Avira Scout browser, which takes a double-barreled approach, combining the Privacy Badger from Electronic Frontier Foundation with Avira Browser Safety (ABS) to identify and block trackers.
Superbowl LI is over and you probably don’t want to see any more ads about walls and beer. Malvertising – malicious, false, data-stealing advertisements – is a fact of the internet. The recent debacle where Google served British government ads alongside some alt-right sites is a clear example that the online advertisement market is not under control.
One way around this swamp is to have an ad blocker, shutting out those potentially irritating ads before they can reach your monitor.
But, the spread of adblockers also comes as publications are under increased financial pressure. Moving beyond the binary choice of yes or no for ads, many ad blockers allow users put some whitelist ads from some sites. A second option is to use a second browser only for the sites which cut you out if you don’t want to see their ads.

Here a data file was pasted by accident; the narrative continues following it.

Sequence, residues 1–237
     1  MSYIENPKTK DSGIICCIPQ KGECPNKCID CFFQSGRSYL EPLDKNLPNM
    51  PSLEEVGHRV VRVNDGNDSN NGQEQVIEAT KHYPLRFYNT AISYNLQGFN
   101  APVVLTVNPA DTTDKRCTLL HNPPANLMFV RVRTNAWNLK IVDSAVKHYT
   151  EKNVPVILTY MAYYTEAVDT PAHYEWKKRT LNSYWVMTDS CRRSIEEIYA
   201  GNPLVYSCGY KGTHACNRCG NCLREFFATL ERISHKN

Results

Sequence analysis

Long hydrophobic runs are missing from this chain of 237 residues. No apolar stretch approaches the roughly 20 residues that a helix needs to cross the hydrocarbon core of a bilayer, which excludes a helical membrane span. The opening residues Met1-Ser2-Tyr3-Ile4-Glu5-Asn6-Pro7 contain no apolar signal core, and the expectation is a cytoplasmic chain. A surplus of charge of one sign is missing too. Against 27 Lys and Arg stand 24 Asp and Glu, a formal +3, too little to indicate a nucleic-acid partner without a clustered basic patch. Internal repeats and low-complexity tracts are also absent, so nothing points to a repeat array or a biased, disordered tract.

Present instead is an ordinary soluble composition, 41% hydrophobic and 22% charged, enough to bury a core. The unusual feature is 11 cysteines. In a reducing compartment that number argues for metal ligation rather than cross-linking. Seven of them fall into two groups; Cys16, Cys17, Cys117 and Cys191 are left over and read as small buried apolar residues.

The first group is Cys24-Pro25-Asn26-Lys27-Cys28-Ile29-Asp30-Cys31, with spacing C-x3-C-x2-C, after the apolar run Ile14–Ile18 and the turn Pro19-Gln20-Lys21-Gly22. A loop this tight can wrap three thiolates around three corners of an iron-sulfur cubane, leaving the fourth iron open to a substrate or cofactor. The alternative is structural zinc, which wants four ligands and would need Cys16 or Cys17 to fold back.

As IoT devices become commonplace, whether a connected doll or a security camera, home privacy became a tricky concept. Then came the holiday flood of voice-triggered virtual assistants such as Amazon’s Alexa and you wonder if privacy is just a historical holdover from the past. Before buying any more IoT devices, take two precautionary steps. First, do a web search for the potential device and see what security experts have reported about the device. At the top of my list is Krebsonsecurity.com, as the site pulls in a wealth of informed content from throughout the security industry. Second, when it comes to Alexa, try adding a PIN code to prevent accidental dollhouse purchases.
What do you do to ensure your online privacy and security?